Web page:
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When is Voluntary Liquidation suitable for your business?

Published on:April 9, 2019Author:alex

Article by Laura Walshe of The Business Debt Advisor

There are many great reasons to start a business, but taking on the challenge of running a successful enterprise is not for the faint-hearted.

At the end of 2018, the number of companies listed on the Companies House register was 3,879,844 (excluding those dissolved or in liquidation).

This represented an increase of 36,330 compared to the previous quarter ending September 2018.

Whether your business is relatively new, or well established, it is always important to keep tight control and consider what could go wrong, and how to respond to challenges.

If your business finds itself in financial difficulty, managing business debt can be extremely stressful and time consuming.

At The Business Debt Advisor we understand this. We aim to take fear out of business failure, and provide you with the right advice.

What is Voluntary Liquidation?

Voluntary liquidation is a procedure which can be instigated by company directors when they have formed the opinion that the company cannot pay its debts, and should cease trading.

It is the most commonly used form of liquidation in the UK.

When a company enters into liquidation, its assets will be sold in order to repay its liabilities as far as possible.

When is Voluntary Liquidation a suitable option?

Voluntary liquidation is likely to be the most suitable option if your company has debts that it simply cannot afford to repay, and the business itself cannot be saved.

Many companies suffer from short term cash flow pressures at one time or another. This situation, in itself, does not mean that voluntary liquidation would be the most appropriate solution and careful consideration must be given to all of the relevant circumstances.

What are the advantages and disadvantages of liquidation?

There advantages and disadvantages of voluntary liquidation.

Their relevance will depend entirely upon the individual circumstances of your business.

Advantages

1. Relatively Low Cost

The professional fees and costs associated with voluntary liquidation are usually met from the sale of company assets, and can be significantly lower than the costs associated with other insolvency processes.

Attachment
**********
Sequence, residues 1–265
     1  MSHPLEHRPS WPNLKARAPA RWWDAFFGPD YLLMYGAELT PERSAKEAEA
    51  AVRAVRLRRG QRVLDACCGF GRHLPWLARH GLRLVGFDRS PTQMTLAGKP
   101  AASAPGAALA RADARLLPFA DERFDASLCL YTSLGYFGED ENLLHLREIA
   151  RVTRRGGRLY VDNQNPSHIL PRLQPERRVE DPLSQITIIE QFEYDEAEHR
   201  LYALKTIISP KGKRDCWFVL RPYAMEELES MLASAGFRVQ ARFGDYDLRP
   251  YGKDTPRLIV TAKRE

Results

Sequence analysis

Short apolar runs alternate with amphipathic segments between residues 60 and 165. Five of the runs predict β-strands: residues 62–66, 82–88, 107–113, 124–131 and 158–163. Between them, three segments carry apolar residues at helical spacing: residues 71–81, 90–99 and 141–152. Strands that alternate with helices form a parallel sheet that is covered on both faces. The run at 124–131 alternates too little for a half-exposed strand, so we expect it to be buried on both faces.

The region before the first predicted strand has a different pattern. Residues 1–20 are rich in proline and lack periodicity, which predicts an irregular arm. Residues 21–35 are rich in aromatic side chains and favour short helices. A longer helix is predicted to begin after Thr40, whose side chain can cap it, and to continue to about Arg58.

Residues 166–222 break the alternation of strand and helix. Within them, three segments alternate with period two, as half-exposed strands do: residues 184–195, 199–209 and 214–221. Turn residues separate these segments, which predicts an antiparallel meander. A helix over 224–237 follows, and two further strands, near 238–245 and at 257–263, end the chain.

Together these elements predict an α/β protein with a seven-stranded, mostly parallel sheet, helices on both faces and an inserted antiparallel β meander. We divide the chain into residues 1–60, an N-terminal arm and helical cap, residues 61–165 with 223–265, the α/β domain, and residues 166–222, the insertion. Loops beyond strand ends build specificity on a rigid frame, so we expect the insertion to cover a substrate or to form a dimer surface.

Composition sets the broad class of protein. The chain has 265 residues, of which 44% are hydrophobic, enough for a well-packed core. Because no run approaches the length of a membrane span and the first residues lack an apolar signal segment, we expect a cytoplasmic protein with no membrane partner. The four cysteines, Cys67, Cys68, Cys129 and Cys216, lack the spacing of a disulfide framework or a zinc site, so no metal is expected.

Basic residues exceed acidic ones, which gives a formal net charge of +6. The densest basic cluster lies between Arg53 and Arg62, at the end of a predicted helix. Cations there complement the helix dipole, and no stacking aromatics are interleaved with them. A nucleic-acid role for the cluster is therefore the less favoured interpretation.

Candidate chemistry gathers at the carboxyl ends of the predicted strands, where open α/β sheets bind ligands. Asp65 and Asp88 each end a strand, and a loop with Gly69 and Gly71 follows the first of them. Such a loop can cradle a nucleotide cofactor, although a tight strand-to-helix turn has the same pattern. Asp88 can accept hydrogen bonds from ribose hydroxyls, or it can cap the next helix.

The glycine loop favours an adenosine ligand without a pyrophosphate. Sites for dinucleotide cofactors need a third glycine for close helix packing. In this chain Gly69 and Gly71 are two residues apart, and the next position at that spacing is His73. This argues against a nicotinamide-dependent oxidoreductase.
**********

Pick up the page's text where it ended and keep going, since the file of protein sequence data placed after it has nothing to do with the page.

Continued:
Professional fees associated with the liquidation process can be as little as £3,000 + VAT and expenses but this is dependent on the complexity of matters, and the amount of work which is likely to be involved.

2. Debts Written-Off

When a company is in liquidation, no further action can be taken by company creditors to recover debts outstanding.

Once the company’s assets are sold, the liquidator will use the surplus proceeds to pay the creditors in order of their statutory priority, as far as possible, but then any unpaid debt is written off.

3. Selling the Business or Starting Again

Directors might want to buy the business back and set up again. In most cases there is no reason why this cannot be achieved, but it needs to be done properly, with particular care being paid to the re-use of a company name, or trading style.

Alternatively, it is possible to sell the business on to an independent third party.

Our team has a track record of achieving sales which have generated significant funds for the benefit of the liquidation, and a case study can be found here.

Disadvantages

1. Closure

When a company enters into liquidation it is no longer be able to operate.

The process will have a substantial impact on any market presence (goodwill) which might have been established through a long period of hard work.

2. Review of Directors’ Conduct

In view of the company’s financial position, the liquidator will have an obligation to report to The Insolvency Service on the conduct of all individuals who have acted as a director in the previous three years.

If a director’s conduct falls short of accepted standards, this could result in a ban on that director acting as a director for a maximum period of 15 years.

3. Repayment of Directors Loans and Personal Guarantees

Unfortunately, if any director owes money to the company, the liquidator will be obliged to request that this amount is repaid.

If any director has given a personal guarantee they may become personally responsible for the repayment of the balance which the company itself is unable to pay.

Liquidation – Made Simple

Following the introduction of The Insolvency Rules (England and Wales) 2016 it is now quicker and easier to wind up private limited companies, where liquidation is the most suitable option.

New decision processes allow for virtual meetings and approval can even be obtained by deemed consent (a simple ‘yes’ or ‘no’ to certain resolutions).  Physical meeting cannot be convened unless this is request by certain majorities.

Careful consideration must be given to all options available to an insolvent company. For more advice, fill out our Contact Formand we will be in touch.

Alternatively, call our FREE ADVICE LINE on 0800 781 0990.

Our team has extensive experience and can arrange an initial consultation at no cost, usually on the same day.